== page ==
If you want to host an FTP site in Azure there’s currently not a dedicated resource for this so the next best option is to spin up a virtual machine and use IIS for running the FTP site. It’s also possible to set the FTP site to use an Azure Storage file share to host the files, from there they can either be accessed via UNC or moved directly to blob storage.
When creating a virtual machine in Azure a bunch of other resources get created along with it such as a network interface and a virtual network so I’d advise creating a new resource group to hold all of these to make them easier to manage.
I initially created a B1S virtual machine but this didn’t have enough RAM to install IIS so the cheapest machine I’d suggest using for this is the B2S.
When you create the VM the main things to watch out for are that the storage account should have a name of 20 characters or less and that the name is not the same as that for the VM. You’ll also need to allow traffic on port 3389 to allow you to remote desktop into it.
Once your VM has been provisioned go to it’s networking settings in the Azure portal and add port 21 and the range 9990-10000 to it’s inbound ports.
Azure Storage File Share
Within the Azure Storage account that’s created when you provision the VM go to Files and add a file share, when this has created click on it in the portal and then click Connect, this will open a blade containing PowerShell commands for adding the file share as a UNC drive to a Windows machine, copy this code and save it somewhere as you’ll need it later.
Log into the VM using the admin credentials set at creation and open PowerShell, run the code copied from the file share blade in the Azure portal to add it as a UNC drive.
Next you need to install IIS on your server, this can be done from the Server Manager dashboard by choosing Add Roles and Features from the Manage menu and choosing the following options as specified here.
- Proceed to Installation Type step and confirm Role-based or feature-based installation.
- Proceed to Server Roles step and check Web Server (IIS) role. Note that it is checked already, if you had IIS installed as a Web Server previously. Confirm installing IIS Management Console tool.
- Proceed to Web Server Role (IIS) > Role Services step and check FTP Server role service. Uncheck Web Server role service, if you do not need it.
- Proceed to the end of the wizard and click Install.
- Wait for the installation to complete.
In order to have your FTP server play nicely with the Azure Storage file share you need to create a user capable of logging into the file share as the UNC path needs to be referenced rather than the mapped drive used within Windows which was added by the PowerShell commands above, as explained here.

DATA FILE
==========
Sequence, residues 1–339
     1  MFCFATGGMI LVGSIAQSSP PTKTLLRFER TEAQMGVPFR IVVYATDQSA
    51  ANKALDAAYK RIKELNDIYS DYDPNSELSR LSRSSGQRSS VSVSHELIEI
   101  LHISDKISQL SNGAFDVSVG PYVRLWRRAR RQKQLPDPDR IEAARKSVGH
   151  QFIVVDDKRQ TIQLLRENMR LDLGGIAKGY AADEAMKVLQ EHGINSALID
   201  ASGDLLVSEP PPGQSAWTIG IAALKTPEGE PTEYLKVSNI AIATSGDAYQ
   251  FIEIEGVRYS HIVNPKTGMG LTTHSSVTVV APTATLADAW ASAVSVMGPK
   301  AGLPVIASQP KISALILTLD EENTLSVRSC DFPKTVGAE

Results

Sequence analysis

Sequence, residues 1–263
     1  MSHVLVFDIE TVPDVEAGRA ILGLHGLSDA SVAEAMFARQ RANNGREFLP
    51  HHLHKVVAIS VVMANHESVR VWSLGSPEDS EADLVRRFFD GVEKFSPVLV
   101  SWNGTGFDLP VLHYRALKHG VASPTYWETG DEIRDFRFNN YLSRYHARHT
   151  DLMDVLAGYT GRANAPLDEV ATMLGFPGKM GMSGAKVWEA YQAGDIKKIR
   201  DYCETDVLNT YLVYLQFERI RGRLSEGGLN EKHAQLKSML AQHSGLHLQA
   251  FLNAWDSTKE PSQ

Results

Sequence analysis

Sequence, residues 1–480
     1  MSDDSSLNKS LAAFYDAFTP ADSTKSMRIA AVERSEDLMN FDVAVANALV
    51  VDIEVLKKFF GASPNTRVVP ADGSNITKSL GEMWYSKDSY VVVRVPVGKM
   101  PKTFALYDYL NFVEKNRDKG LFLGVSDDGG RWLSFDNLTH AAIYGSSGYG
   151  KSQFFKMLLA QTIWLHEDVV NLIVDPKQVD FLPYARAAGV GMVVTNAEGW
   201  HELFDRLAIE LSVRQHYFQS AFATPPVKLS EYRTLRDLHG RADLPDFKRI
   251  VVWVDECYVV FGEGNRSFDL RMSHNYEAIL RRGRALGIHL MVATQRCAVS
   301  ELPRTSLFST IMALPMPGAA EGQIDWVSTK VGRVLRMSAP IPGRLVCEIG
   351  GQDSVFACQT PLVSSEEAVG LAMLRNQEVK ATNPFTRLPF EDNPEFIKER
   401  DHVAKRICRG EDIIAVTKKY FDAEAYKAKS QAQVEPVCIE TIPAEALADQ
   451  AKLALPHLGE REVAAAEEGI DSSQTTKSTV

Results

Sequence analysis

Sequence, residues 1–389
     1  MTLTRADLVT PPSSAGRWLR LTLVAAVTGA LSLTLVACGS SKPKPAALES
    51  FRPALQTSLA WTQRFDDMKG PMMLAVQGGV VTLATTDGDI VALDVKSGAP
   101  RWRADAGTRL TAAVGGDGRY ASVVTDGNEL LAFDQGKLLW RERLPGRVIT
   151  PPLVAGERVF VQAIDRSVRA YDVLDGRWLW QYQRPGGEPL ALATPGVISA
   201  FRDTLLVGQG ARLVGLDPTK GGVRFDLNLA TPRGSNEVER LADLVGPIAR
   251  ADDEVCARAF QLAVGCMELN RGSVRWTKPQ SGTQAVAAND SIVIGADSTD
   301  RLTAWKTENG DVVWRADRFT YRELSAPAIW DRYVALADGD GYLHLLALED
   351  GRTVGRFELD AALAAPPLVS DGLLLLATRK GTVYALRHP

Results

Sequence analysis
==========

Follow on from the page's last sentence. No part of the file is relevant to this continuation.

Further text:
Users can be added though Tools > Computer Management in the Server Manager. The username should be the name of the storage account and as usernames can’t be over 20 characters long or have the same name as the VM this is the reason for the restrictions in naming our storage account earlier. The password should be the access key for the storage account and “User cannot change password” and “Password never expires” should be selected. This user should then be added to the IIS_IUSRS group.
Once the connecting user has been added you need to create the FTP site, this is done from Tools > Internet Information Services (IIS) Manager in the Server Manager.
First add the ports that you opened in the Azure Firewall to the FTP Firewall Support setting at the server level, the external IP address should be that of your VM.
Next, right click in Sites and add a new FTP site, the physical path parameter should be the UNC path to your file share, rather than the drive alias used by Windows.
When creating an FTP site you should disallow anonymous authentication and use basic, users can be granted access by adding them in the local users step above an either assigning them to a relevant group or just granting all users of the machine access to the FTP site.
You will now have an FTP site set up and available but if you try to connect to it you’ll get an access denied error, this is because FTP on IIS fails to pass through the credentials and so you need to set these explicitly. This is done from the Basic Settings dialog in the right hand menu bar of the FTP site, within the connect as section of this enter the username and password of the user you created earlier (this will be the name of your storage account and the access key), once done save and then test the connection settings.
The FTP site should now be up and running and uploaded files saved on the Azure file share!
My ultimate goal for this was to get the uploaded files into Azure Blob Storage, however the file share is separate to this and so the files still need to be moved once uploaded, this can be done by setting up a logic app (among other methods) but I haven’t got round to doing this yet. Another option would also be to have a console app monitoring the FTP folder and then transferring the files over once they’ve been uploaded, this would also do away with the need for the fileshare.